In Conversation with Shabir Mohammed
Religious Extremism Is Not Tolerated
Shabir Mohammed, leader of Dawoodi Bohra community and a chief organizer of the Ashara Mubaraka festival joined The Catamaran for a discussion on the significance of the festival post Easter Sunday Attacks.
The Ashara Mubarak annual festival of the Dawoodi Bohra Muslim community was held in Sri Lanka from the 01st to 10th of September, centering around the Husaini Masjid mosque in Bambalapitiya, Colombo. Over 21,000 Dawoodi Bohras from 40 countries participated in this festival. The event gained attention because it was held amidst anti-Muslim sentiments among certain sections of society post April’s Easter Sunday attacks. However, Ashara Mubarak was held with its usual magnificence and can be considered a step in the direction of reconciliation in the country.
Shabir Mohammed, leader of Dawoodi Bohra community and a chief organizer of the Ashara Mubaraka festival joined The Catamaran for a discussion on the significance of the festival in such a time as this.
THE CATAMARAN – The Easter Sunday attack caused a massive breach of trust among the communities of Sri Lanka. In such a tense situation, why did you decide to hold the main festival of the Dawoodi Bohra community in Sri Lanka?
The decision to hold this event was taken well before the Easter Sunday attacks. This is an annual festival of the Bohra community and we pick a country for that where we can participate in the event as a family. This is the second time Ashara Mubaraka was held in Sri Lanka, the first was held in 2008. We had doubts but we were able to hold it without hindrance thanks to the government that provided security and logistics for the event.
THE CATAMARAN – Muslims are no strangers to this country and we are familiar with their festivals. We have even national holidays for Muslim religious observations. What made this festival different?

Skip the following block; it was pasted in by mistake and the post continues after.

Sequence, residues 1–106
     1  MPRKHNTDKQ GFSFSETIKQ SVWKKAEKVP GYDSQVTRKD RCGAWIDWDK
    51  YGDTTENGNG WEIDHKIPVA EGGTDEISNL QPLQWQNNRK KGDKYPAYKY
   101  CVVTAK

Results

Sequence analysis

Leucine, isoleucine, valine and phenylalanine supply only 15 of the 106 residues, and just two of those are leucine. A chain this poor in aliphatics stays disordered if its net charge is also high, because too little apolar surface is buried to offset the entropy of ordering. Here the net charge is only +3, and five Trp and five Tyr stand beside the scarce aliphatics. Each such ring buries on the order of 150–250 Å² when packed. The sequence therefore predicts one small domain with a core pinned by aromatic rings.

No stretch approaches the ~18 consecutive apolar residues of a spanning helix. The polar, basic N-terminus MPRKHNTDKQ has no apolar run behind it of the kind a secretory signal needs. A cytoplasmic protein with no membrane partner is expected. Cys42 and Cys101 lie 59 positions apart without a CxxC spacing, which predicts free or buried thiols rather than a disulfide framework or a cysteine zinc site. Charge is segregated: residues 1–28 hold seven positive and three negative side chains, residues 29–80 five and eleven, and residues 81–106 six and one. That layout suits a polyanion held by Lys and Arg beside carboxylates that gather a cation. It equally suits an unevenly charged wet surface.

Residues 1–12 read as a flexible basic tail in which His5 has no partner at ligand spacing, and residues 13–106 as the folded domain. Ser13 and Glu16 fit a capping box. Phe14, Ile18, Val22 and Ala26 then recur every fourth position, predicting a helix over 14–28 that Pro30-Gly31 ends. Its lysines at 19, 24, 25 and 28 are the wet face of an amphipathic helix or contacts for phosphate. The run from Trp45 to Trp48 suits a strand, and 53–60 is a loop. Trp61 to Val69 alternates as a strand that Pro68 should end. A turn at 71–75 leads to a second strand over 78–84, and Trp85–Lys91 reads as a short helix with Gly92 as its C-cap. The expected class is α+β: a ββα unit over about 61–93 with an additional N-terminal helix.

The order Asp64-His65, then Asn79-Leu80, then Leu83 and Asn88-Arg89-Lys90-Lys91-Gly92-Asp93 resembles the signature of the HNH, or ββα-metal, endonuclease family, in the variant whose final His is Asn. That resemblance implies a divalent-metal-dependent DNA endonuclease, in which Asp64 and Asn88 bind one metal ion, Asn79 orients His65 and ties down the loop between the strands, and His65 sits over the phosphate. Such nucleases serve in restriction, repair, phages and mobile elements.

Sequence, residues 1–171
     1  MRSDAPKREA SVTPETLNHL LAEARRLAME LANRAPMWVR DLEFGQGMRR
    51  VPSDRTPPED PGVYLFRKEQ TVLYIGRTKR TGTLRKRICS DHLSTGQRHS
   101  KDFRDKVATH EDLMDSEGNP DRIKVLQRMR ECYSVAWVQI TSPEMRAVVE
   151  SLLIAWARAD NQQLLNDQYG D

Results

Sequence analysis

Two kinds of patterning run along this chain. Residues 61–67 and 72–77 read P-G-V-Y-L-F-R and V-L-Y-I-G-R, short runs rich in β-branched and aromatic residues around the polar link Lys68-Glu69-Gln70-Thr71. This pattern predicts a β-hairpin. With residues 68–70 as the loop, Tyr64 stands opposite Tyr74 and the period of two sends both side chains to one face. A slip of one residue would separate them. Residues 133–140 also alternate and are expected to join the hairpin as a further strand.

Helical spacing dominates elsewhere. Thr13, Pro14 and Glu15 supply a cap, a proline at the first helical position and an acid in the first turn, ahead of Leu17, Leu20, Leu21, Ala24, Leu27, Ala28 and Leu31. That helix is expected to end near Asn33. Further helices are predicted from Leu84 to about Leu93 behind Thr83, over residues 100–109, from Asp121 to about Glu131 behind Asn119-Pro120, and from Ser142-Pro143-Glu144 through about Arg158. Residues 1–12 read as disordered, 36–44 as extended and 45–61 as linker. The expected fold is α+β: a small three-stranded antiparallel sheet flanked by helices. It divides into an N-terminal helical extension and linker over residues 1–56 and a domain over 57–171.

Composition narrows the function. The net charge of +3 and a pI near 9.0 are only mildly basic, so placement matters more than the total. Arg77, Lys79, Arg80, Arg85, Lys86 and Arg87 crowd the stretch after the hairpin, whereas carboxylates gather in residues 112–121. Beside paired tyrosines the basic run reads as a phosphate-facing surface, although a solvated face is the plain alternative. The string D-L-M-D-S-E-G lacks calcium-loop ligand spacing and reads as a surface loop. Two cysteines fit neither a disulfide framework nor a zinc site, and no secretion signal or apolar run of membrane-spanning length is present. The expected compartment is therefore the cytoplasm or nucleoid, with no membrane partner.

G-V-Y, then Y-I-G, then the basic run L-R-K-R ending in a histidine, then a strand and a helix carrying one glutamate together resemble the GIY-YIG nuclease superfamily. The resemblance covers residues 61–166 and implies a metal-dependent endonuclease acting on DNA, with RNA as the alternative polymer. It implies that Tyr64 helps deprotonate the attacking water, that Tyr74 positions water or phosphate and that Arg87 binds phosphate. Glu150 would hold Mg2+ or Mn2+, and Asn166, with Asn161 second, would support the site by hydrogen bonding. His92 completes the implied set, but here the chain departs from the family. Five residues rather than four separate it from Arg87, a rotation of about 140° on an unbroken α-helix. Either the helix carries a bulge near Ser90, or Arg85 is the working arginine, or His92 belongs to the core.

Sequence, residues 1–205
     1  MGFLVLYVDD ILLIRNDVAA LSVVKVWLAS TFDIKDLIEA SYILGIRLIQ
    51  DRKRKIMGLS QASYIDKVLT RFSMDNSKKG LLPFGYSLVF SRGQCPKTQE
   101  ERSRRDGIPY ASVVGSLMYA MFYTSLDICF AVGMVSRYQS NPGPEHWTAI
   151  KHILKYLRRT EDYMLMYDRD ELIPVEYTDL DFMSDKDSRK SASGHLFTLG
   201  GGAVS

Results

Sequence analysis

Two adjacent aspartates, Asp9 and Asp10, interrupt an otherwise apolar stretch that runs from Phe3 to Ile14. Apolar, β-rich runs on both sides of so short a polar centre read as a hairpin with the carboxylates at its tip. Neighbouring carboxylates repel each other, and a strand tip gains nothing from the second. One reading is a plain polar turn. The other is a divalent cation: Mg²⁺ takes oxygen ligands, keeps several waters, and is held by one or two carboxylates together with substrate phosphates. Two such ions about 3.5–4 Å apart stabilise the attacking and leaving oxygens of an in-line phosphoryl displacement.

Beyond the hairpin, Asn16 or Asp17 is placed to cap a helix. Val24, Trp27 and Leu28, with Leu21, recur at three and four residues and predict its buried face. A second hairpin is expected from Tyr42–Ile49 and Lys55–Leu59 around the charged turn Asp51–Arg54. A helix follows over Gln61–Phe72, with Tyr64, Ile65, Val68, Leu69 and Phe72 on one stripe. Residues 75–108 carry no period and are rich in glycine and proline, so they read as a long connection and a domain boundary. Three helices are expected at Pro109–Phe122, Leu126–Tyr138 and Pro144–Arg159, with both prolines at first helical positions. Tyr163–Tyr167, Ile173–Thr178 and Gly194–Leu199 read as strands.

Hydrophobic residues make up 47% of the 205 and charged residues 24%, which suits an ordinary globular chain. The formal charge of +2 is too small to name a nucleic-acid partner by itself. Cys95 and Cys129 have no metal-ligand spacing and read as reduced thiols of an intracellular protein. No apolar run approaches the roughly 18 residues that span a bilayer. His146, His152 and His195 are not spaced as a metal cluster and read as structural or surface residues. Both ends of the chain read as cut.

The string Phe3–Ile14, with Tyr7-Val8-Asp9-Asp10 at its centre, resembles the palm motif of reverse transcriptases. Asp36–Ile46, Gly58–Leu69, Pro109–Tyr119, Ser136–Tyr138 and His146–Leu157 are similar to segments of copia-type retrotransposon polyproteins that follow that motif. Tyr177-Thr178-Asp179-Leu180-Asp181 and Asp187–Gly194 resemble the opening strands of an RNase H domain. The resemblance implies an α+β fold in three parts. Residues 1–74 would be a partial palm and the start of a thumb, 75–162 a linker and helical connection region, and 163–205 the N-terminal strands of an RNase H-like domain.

Dawoodi Bohra is just one sect of a broader Muslim community. The Muslims are divided into two main sects; Sunni and Shia. Those two sects are further divided into many sub-sects. The majority of Sri Lankan Muslims are Sunnis while Dawoodi Bohras belong to Shia sect. Dawoodi Bohras in Sri Lanka are a small community that comprises of about 2,500 people. That is why our people and festivals are not famous.
THE CATAMARAN – Please explain to us the background of the Dawoodi Bohra community?
The prophet of Islam is Nabi Muhammad Sallallahu Alaihiwasallam, who spread the message of God among the people. The grandson of the prophet is Imam Hussein Aleihi Wasallam. Enemies slaughtered him and the members of his family in a very inhumane manner in Kabala, Iraq. Ashara Mubaraka is held to commemorate this sacrifice. It is the main festival of the Dawoodi Bohra community. We avoid all family and business work for 10 days and simply observe religion during Ashara Mubaraka.
THE CATAMARAN – How does the Dawoodi Bohra community differ from other Muslim sects?
Dawoodi Bohra is a sect that reads Islam in a way that suits modern context. Bohra women have equal religious rights. They go to the mosque with men and pray together. They have rights for equal education. Our dress code is different from other traditional Muslims. The women wear light colours that are pleasant to the eye. The Dawoodi Bohra community lives around the world but we do not support any extremist view. We have no connection with terrorist groups. We are on the topmost layer among businessmen. Our community is tech-savvy.